Vaccine equity is the best way to control the pandemic : Dr Tedros

London – Director General of the World Health Organisation (WHO),  Dr Tedros Adhanom Ghebreyesushas said that vaccine equity is the best way to control the Covid 19 pandemic and get economies open and moving again.

Addressing the ECOSOC UN high level political forum on Tuesday, Dr Tedros said, “We are now facing a two-track pandemic, fuelled by inequity. This is a divide between the haves, and the have nots. We have the tools to bring this pandemic under control, but only if we use those tools consistently and equitably.”

“While some countries have high vaccination rates and are seeing lower numbers of hospitalisations and deaths, other countries in Africa, the Americas and Asia are now facing steep epidemics. There are several reasons for these increases, including the spread of variants of concern, more social mixing, the ineffective use of public health and social measures, and inequitable access to COVID-19 vaccines,” he added.

Dr Tedros said that through COVAX, we have so far been able to deliver nearly 96 million vaccines to 135 countries, as well as other essential health products. But considering that the total vaccines delivered so far is over three  billion, what is delivered through COVAX is actually peanuts. But vaccine inequities and vaccine nationalism are further deepening  the divide between high and lower-income nations, he added.

If countries immediately share doses with COVAX and if manufacturers prioritise COVAX orders, we can vaccinate at least 10% of the population of every country by September, and at least 40% by the end of the year. WHO is calling for the sharing of know-how, technology and licenses, and the waiving of intellectual property rights, Dr Tedros added.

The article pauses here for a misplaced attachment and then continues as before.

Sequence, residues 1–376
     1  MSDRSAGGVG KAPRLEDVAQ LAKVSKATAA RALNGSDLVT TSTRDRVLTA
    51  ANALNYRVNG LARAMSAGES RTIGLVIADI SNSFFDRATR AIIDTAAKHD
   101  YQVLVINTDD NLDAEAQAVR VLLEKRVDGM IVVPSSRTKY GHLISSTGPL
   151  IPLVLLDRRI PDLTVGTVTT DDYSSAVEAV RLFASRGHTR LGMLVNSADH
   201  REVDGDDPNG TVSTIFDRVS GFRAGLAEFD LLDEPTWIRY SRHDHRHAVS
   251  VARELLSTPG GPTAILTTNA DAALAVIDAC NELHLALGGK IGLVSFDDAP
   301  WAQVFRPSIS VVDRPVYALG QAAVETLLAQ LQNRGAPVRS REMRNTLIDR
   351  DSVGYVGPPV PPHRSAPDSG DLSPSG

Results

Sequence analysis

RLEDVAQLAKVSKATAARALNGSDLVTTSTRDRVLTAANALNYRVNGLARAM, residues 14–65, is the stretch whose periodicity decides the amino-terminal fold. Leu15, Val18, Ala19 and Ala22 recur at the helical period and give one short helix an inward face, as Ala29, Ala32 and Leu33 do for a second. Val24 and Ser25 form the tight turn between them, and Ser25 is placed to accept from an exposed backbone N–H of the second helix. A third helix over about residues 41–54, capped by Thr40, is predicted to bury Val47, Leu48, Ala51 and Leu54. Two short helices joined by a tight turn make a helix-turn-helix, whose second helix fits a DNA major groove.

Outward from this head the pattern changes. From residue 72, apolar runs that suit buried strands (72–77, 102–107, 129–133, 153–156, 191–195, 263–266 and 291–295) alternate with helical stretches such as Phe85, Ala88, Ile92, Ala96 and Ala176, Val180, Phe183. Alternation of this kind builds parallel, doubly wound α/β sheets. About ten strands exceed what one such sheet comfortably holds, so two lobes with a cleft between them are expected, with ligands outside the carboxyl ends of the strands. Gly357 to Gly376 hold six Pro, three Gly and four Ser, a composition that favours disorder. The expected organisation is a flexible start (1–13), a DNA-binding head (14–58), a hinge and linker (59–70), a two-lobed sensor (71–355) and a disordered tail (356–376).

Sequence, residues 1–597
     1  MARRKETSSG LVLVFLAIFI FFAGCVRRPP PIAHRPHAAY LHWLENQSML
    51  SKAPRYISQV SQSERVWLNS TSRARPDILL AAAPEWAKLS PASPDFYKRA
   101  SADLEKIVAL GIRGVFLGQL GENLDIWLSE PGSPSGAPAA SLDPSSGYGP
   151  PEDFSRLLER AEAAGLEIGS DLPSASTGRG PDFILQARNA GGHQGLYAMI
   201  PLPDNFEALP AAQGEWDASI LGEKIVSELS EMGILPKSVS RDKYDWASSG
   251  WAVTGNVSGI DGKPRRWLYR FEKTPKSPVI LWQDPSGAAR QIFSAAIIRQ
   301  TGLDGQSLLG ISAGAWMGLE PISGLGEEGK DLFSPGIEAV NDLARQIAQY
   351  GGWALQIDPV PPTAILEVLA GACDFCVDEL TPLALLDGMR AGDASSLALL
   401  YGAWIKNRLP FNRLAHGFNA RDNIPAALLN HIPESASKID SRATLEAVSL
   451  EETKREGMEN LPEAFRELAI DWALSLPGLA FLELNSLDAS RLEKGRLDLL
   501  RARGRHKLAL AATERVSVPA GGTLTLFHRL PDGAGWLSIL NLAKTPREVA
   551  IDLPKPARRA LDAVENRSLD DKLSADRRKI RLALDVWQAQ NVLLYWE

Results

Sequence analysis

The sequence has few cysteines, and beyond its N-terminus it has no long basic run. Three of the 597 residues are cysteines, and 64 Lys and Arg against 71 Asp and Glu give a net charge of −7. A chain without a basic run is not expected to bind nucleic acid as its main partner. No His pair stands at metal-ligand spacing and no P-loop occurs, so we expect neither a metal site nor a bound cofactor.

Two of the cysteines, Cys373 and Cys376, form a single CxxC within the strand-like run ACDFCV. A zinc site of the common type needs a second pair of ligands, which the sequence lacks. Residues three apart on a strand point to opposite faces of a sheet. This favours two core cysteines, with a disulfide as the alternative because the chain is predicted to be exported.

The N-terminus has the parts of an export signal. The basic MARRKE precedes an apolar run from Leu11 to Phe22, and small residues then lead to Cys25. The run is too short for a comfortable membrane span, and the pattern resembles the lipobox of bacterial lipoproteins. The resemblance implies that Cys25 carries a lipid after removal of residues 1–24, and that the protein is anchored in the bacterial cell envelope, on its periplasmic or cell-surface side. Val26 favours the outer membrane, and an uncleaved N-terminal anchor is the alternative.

In May, the World Health Assembly adopted a landmark resolution on strengthening local production of medicines and other health technologies to improve access. Over 100 countries co-sponsored the resolution.

‘Primary Health Care is the Key’

“As the pandemic has shown, without local health security, there can be no global health security. That is why the Sustainable Development Goals – which address an array of interlinked, essential targets – are so important,” said Dr Tedros adding, “We now expect a shortfall of 710 million people to the billion more people covered by universal health coverage by 2023. Strengthening health systems, particularly through primary health care, is essential for an equitable and resilient recovery.”

Dr Tedros called upon WHO member states to urgently share doses with COVAX. “We need an additional 250 million doses by September, and one billion by the end of the year.We also need to provide financing for the Access to COVID-19 Tools Accelerator so that countries can receive the diagnostics, vaccines and therapeutics – including oxygen – that they need,” he added.

“Second, countries need to share their mRNA COVID-19 vaccines technologies and know-how with the WHO technology transfer hub and the COVAX Manufacturing Task Force, so that countries with manufacturing capacity can get to work. Third, I ask countries, along with our multilateral partners, to support the proposal for a Pandemic Treaty,” said Dr Tedros.

Dr Tedros further said that at the core of all of our efforts must be universal health coverage, based on strong primary health care, which is the cornerstone of social, economic and political stability.

“The pandemic has highlighted that health is not a product of strong and prosperous nations; it is the means. Investing in equitable health systems and an equitable global health architecture is an investment in the future,” he added.

 

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